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20120930
20121008
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Search Results 0 to 13 of about 14 (some duplicates have been removed)
. proposals in tv ads and on the stump like a million new manufacturing jobs, 100,000 new math and science teachers. feel mores a operational than an actual detailed plan. given the fact there's hunger for change, what change can the incumbent promise? the president has to come up with a good enough explanation of how reelecting him would break the partisan fever in washington. what does romney have to deal with? he hasn't differentiated from george bush's. and his plans lack specifics. in a one-on-one debate, candidates have a lot of control over how aggressive they are. both romney and the president are inexperienced in a one-on-one debate format. few details on the format. the president and romney will be at podiums, standing, not sitting, and there will be no basic time limits on their answers. it's not 90 seconds, buzzer, things like that. it's up to the discretion of the moderator, jim leierer. that's going to be up to him. but there's supposed to be a lot of leeway here over how long the conversations go. the debate is on domestic policy. 90 minutes is supposed to be devoted to the
in science or medicine and will now be relegated to quackery. >>> and everybody's talking about arnold schwarzenegger's new book and how he had an affair with more than just the housekeeper. he chieted with actress bridget nielsen while living with maria shriver. >> you don't feel bad about it, you just write it. >> actually, i did feel bad about it. but all my various things were just mistakes. you know, my failure, my screwups. >> was that the only affair? >> no. i had others. but, you know, that's something that's obviously between marie and me. >> and we will hear from him in our next half hour. speaking of arnold, if you read only one thing this morning, i highly recommend janet maslin's review of his book. an autobiography of someone as mast master conniver. one thing you can depend on is that these will come together. delicious and wholesome. some combinations were just meant to be. tomato soup from campbell's. it's amazing what soup can do. begins with back pain and a choice. take advil, and maybe have to take up to four in a day. or take aleve, which can relieve pain all day w
right by medical science, is really critical for achieving health and preventing these diseases. so the green new deal is a win/win win because it gets us to clean energy which can stop the climate crisis, jump start our economy, creating three times as many jobs as every dollar spent in the fossil fuel economy, and it puts us back to work. so it's a win/win win all around. host: dawn, joining us from oxford, alabama with dr. jill stein, last call. good morning to you. caller: good morning. i kind of agree with an awful lot of what you said about the cause of all this. but the one thing that you admitted and i'm cureuse about, what would -- kaoeurous about, what would make a banker with the subprime mortgage, what would make him -- which the whole goal is to make money, as much as he can, what would make a banker loan money to somebody that he knows was not going to be able to pay him back? and then do they just think -- get a meeting and say we're going to create these instances where we're going to loan money for people to buyouts, paopl that can't pay it back and sell it to someb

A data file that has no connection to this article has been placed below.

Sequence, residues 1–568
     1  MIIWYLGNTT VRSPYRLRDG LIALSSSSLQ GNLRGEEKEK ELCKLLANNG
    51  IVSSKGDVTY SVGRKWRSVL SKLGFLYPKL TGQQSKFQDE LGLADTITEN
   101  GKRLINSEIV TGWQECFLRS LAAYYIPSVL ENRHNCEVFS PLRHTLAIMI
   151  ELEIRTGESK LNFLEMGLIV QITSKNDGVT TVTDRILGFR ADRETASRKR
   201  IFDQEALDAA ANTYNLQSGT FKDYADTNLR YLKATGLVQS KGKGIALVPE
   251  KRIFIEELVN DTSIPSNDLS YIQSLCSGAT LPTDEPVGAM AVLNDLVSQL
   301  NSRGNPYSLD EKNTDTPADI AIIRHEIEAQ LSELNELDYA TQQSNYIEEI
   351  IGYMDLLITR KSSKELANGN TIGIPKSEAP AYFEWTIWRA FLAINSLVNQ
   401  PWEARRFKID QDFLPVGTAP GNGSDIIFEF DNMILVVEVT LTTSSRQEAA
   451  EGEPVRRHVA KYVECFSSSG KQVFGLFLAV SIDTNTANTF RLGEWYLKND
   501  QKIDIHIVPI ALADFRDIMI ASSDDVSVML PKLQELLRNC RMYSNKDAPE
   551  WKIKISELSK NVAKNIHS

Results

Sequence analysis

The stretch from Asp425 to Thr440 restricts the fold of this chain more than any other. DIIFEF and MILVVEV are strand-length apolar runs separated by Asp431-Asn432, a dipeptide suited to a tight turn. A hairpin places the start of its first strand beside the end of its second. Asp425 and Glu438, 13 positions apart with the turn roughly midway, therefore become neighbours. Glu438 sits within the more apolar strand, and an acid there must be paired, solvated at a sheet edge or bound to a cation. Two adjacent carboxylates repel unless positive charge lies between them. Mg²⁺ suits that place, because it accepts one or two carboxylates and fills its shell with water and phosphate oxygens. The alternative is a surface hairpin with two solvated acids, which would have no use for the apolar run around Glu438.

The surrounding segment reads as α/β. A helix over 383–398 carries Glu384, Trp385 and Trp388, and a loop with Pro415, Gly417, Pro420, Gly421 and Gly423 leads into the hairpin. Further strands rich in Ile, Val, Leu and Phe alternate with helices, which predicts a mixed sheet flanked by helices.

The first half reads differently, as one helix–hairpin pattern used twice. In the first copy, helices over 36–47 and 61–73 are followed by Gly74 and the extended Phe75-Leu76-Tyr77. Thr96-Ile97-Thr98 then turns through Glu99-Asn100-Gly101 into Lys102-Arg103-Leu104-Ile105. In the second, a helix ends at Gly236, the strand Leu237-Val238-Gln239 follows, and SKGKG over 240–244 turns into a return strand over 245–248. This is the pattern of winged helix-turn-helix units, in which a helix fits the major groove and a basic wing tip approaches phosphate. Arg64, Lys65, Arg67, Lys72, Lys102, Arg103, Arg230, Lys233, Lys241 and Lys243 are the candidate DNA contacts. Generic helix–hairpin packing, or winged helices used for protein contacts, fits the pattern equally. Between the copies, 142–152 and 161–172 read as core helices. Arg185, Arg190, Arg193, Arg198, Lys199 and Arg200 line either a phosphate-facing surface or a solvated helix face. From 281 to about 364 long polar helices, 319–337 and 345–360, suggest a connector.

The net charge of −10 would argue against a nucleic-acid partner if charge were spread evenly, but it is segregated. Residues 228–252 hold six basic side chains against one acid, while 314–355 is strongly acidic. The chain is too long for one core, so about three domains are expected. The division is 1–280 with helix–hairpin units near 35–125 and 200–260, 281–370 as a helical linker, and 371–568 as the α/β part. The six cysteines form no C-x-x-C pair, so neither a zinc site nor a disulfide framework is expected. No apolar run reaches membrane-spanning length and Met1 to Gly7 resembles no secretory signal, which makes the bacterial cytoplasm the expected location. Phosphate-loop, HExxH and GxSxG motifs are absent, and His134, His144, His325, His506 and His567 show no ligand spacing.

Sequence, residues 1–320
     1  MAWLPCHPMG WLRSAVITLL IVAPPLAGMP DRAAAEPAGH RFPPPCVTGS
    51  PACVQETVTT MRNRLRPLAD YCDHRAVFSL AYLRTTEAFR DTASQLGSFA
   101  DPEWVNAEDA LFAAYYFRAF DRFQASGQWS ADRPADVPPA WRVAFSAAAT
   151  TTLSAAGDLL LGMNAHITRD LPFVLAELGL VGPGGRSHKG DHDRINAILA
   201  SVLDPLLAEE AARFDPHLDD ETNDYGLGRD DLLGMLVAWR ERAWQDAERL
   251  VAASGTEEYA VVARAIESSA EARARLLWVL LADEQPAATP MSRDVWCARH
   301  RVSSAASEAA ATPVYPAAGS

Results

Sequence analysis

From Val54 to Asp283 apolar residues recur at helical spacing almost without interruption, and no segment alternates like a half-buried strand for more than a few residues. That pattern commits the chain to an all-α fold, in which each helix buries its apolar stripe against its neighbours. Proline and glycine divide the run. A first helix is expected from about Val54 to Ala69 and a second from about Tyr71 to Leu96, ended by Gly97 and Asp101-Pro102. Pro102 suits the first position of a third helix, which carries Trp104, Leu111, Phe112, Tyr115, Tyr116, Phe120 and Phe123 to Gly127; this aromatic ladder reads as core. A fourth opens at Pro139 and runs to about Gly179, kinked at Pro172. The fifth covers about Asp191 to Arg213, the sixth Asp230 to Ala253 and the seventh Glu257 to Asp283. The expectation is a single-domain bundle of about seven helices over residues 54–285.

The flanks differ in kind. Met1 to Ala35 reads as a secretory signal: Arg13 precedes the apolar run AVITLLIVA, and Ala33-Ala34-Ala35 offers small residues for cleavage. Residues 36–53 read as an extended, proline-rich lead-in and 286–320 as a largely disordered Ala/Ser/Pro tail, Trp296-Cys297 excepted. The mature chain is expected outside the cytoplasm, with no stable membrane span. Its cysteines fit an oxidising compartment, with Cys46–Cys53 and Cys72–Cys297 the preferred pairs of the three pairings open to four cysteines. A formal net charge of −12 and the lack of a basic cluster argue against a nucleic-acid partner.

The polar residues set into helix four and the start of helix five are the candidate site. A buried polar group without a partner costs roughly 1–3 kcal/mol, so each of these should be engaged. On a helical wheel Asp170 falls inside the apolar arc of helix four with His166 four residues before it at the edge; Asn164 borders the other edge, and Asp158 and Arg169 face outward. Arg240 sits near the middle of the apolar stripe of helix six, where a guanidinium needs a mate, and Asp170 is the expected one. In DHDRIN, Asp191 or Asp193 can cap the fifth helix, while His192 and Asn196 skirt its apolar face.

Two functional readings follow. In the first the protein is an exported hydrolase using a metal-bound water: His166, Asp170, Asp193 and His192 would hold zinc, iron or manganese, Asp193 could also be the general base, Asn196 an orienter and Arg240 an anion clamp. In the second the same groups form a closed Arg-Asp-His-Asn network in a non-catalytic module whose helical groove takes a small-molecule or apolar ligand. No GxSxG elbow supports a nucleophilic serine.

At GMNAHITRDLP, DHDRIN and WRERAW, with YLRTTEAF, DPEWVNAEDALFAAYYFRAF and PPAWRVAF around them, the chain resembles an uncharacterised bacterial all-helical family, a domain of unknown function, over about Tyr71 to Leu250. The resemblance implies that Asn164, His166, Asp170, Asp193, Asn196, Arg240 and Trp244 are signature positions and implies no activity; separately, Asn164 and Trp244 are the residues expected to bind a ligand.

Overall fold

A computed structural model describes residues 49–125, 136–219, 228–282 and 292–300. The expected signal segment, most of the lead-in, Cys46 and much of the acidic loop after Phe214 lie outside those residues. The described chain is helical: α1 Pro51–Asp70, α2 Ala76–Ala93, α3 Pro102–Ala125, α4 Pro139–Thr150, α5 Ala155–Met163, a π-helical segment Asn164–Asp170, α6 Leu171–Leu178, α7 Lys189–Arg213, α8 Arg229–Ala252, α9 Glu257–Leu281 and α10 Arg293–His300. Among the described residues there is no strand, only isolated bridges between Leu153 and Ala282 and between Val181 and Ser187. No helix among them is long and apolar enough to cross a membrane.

proposals. i'm asking -- >> 100,000 new math and science teachers. we need that. >> that's a goal, right? >> educating training 2 million new workers in our community colleges in conjunction with business to fill jobs that are open right now. boosting american manufacturing by ending the tax break that sends jobs overseas and giving tax incentives to companies that start manufacturing businesses here. these are specific tangible proposals and i believe they will pass because i believe the american people are supportive of that. >> but they haven't passed. >> the verdict will be rendered november 6. megyn: joining me now mark hannah, former aid to john kerry and barack obama. kevin, your chots on that exchange? >> that was a revealing look inside the best talking points that president obama has by his top spokesperson on the campaign frame beside himself. if you can't get more prekay tough than education, green energy, research and development, and that's the solutions? those are the pin points for solutions you are offering for an election that's going to be decided on an economy and job